Open Access Dissertation
Date of Award
Bruce A. Russell
Since the entire discussion of personal identity revolves around the identity of a person it is difficult to address these issues without presupposing that identity is maintained. In this dissertation, I propose an alternative approach to discussing the topic of personal identity (at least initially). This alternative approach is from the perspective of what I call ‘continuance’. I use ‘continuance’ to refer to some kind of ‘continuing life’ that is embodied in some person or persons. The term will be used as a neutral term for discussing the continuity of a person without any implications of identity. That is, in some cases, continuance will refer to a continuing life of one person but in other cases it will refer to a continuing life of some other person. In the literature on personal identity up until now, there has been no such neutral term. As a result, when considering the various cases, it is difficult to talk about the resulting person in those cases without presupposing that he is identical with the original person. The use of the term ‘continuance’ will allow us to talk of the resulting person without such presuppositions.
Most theories of personal identity can be grouped into two main types: physical and psychological. These theories place the determining factor of whether or not a person persists on physical continuity and psychological continuity, respectively. We can address them in terms of continuance in the same manner. The question then becomes: what kinds of continuance are necessary and sufficient for persistence? I argue that neither a purely physical nor a purely psychological continuance theory are sufficient for persistence. Rather, persistence requires both a physical component as well as a psychological component. I argue that the physical substratum requirement is satisfied by continuance of at least part of the brain. Regarding the psychological component, I argue that memory, although sufficient, is not necessary. This is because I believe that what I call ‘Frankfurtian continuance’ (a continuance theory inspired by Harry Frankfurt’s “self” involving higher-order desires and volitions) is also sufficient.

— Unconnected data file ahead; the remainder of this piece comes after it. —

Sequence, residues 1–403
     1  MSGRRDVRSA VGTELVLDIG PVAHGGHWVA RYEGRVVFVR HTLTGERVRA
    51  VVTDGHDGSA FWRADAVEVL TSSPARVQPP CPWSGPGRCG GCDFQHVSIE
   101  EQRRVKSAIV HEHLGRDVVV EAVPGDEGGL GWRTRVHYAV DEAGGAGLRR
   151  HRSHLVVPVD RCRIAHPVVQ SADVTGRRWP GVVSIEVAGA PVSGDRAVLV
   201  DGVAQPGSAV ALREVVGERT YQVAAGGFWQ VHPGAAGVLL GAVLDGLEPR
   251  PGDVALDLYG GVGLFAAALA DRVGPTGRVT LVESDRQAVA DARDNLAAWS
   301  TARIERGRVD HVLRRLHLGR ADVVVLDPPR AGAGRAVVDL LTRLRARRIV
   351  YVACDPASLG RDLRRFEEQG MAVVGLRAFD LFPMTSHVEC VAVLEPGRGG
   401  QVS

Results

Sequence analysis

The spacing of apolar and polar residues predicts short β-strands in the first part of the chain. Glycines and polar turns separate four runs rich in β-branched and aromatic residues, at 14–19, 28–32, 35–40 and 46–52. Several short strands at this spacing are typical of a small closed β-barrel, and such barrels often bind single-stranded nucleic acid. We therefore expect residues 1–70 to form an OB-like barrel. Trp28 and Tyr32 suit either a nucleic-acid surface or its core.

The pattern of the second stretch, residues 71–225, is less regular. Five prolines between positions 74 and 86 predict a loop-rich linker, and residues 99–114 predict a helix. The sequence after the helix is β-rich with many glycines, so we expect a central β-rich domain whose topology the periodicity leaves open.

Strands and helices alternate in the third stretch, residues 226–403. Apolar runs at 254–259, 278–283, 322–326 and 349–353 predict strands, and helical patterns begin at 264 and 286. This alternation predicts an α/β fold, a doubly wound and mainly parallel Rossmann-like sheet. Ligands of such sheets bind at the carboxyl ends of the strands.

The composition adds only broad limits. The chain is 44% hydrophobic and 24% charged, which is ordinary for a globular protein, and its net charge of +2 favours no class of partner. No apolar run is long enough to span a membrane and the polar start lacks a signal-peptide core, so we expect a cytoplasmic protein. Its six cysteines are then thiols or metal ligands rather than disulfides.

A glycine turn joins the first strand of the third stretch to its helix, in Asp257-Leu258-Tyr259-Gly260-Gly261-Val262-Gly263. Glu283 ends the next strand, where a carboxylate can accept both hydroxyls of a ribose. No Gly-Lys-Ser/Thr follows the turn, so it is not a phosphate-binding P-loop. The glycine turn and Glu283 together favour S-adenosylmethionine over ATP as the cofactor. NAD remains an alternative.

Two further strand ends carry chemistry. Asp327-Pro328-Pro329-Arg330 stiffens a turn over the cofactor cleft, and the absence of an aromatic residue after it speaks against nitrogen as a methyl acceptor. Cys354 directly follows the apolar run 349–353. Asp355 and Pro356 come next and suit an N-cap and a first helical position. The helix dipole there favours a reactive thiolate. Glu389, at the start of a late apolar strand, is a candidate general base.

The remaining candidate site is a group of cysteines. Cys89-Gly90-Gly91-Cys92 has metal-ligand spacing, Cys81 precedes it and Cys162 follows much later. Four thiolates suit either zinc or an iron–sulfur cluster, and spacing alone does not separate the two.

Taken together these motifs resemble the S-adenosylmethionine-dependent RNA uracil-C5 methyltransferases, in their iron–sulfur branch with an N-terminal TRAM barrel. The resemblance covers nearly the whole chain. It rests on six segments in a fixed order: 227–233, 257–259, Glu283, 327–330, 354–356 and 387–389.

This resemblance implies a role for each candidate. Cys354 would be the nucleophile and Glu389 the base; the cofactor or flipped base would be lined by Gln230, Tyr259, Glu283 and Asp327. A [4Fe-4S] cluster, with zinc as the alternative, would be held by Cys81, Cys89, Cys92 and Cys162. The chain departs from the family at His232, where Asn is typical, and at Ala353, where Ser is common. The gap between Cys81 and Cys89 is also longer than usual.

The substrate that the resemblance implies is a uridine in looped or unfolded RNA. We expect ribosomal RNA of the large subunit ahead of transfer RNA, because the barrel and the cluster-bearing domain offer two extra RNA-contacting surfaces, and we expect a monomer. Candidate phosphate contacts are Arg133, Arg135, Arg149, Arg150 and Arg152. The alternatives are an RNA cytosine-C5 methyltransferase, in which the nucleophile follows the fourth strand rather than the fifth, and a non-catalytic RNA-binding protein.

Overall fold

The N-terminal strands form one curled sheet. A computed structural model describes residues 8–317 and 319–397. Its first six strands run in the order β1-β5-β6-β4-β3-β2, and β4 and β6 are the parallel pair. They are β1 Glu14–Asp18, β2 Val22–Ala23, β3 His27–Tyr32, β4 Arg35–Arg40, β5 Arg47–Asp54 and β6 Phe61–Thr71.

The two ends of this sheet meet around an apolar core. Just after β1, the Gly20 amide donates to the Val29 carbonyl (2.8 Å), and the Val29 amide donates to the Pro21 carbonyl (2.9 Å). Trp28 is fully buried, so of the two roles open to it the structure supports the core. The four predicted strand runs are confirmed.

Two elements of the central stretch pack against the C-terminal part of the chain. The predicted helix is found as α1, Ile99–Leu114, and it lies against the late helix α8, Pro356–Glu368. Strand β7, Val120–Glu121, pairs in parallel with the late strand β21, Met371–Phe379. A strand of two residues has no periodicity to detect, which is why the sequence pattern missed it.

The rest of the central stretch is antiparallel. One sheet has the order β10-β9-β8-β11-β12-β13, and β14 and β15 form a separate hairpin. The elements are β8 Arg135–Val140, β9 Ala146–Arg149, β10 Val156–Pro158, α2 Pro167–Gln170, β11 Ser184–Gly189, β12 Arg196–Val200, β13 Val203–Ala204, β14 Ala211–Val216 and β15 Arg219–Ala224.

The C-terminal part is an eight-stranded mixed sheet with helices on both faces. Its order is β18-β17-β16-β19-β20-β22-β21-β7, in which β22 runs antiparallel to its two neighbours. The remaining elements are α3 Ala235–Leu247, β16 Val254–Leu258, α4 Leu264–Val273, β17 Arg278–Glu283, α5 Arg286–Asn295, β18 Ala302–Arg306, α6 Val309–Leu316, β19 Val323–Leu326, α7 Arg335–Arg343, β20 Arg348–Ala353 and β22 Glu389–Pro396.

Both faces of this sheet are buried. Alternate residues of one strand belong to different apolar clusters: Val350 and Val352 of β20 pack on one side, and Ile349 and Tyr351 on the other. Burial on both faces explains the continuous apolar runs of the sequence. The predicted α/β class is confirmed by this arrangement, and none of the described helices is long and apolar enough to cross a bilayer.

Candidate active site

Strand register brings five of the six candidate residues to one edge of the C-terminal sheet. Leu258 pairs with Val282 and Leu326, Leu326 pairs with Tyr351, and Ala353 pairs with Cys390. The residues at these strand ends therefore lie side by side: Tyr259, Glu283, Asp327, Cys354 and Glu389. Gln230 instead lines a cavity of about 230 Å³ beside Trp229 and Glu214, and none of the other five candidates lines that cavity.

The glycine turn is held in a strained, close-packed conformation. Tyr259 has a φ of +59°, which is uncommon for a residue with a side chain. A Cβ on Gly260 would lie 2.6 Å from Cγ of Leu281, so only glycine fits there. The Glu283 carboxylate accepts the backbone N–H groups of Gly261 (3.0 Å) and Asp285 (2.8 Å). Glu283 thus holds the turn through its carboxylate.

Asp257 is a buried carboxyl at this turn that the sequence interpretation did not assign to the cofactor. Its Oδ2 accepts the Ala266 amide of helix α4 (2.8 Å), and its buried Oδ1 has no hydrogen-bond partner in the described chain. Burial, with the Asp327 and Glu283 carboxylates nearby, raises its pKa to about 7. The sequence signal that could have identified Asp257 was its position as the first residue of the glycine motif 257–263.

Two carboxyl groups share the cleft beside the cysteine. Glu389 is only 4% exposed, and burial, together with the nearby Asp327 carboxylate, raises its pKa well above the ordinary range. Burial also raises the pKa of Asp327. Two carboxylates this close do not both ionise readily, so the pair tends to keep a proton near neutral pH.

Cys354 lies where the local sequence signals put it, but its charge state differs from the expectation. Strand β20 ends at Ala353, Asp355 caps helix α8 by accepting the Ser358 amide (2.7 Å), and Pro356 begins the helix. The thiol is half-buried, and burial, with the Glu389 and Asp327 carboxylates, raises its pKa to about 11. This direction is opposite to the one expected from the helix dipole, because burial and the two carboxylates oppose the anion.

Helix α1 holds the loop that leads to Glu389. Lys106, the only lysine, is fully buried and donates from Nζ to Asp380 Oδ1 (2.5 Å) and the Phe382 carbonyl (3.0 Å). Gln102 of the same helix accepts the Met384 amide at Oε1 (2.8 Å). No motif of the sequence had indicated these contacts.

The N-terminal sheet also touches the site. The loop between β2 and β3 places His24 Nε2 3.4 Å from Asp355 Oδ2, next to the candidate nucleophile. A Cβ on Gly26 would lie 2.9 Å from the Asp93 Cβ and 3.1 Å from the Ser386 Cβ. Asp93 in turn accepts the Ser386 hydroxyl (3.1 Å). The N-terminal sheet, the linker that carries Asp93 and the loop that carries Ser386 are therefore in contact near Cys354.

I then address split-brain (fission) cases. Most psychological continuity theorists take what is called a “non-branching” approach to split-brain cases. This allows them to claim that a person will survive if only one half of their brain is transplanted, but if both halves are, then neither of the resulting persons are identical to the original. My view is slightly different. I argue that branching is acceptable provided that transplanting the other half takes place after a sufficiently long period of time has passed.
Finally, I address Parfit’s very influential work on personal identity. He argues that identity itself does not matter. Although I concede this point, I offer many extrinsic considerations for why identity matters. These considerations are not intended to show that identity itself matters, but they do show that there are numerous contingent reasons why one may prefer a scenario in which they do survive over one in which they do not.
Gromak, James Alexander, "Personal Identity, Survival And What Matters" (2015). Wayne State University Dissertations. 1336.